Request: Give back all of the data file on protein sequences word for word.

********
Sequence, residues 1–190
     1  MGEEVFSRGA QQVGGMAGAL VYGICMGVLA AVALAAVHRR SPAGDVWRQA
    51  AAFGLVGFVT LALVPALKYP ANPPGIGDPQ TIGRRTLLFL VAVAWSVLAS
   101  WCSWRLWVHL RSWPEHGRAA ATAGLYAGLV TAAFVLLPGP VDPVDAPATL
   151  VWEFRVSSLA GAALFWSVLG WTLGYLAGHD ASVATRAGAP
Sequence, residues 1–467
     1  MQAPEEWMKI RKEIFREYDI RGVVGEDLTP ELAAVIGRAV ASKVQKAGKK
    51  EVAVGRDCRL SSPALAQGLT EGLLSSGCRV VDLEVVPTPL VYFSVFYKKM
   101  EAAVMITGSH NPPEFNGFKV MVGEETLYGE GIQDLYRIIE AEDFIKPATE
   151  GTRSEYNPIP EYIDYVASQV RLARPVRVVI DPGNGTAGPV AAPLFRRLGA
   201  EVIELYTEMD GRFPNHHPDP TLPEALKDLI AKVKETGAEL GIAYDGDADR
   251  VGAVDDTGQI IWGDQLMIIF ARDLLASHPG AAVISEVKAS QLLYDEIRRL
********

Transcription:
Sequence, residues 1–190
     1  MGEEVFSRGA QQVGGMAGAL VYGICMGVLA AVALAAVHRR SPAGDVWRQA
    51  AAFGLVGFVT LALVPALKYP ANPPGIGDPQ TIGRRTLLFL VAVAWSVLAS
   101  WCSWRLWVHL RSWPEHGRAA ATAGLYAGLV TAAFVLLPGP VDPVDAPATL
   151  VWEFRVSSLA GAALFWSVLG WTLGYLAGHD ASVATRAGAP
Sequence, residues 1–467
     1  MQAPEEWMKI RKEIFREYDI RGVVGEDLTP ELAAVIGRAV ASKVQKAGKK
    51  EVAVGRDCRL SSPALAQGLT EGLLSSGCRV VDLEVVPTPL VYFSVFYKKM
   101  EAAVMITGSH NPPEFNGFKV MVGEETLYGE GIQDLYRIIE AEDFIKPATE
   151  GTRSEYNPIP EYIDYVASQV RLARPVRVVI DPGNGTAGPV AAPLFRRLGA
   201  EVIELYTEMD GRFPNHHPDP TLPEALKDLI AKVKETGAEL GIAYDGDADR
   251  VGAVDDTGQI IWGDQLMIIF ARDLLASHPG AAVISEVKAS QLLYDEIRRL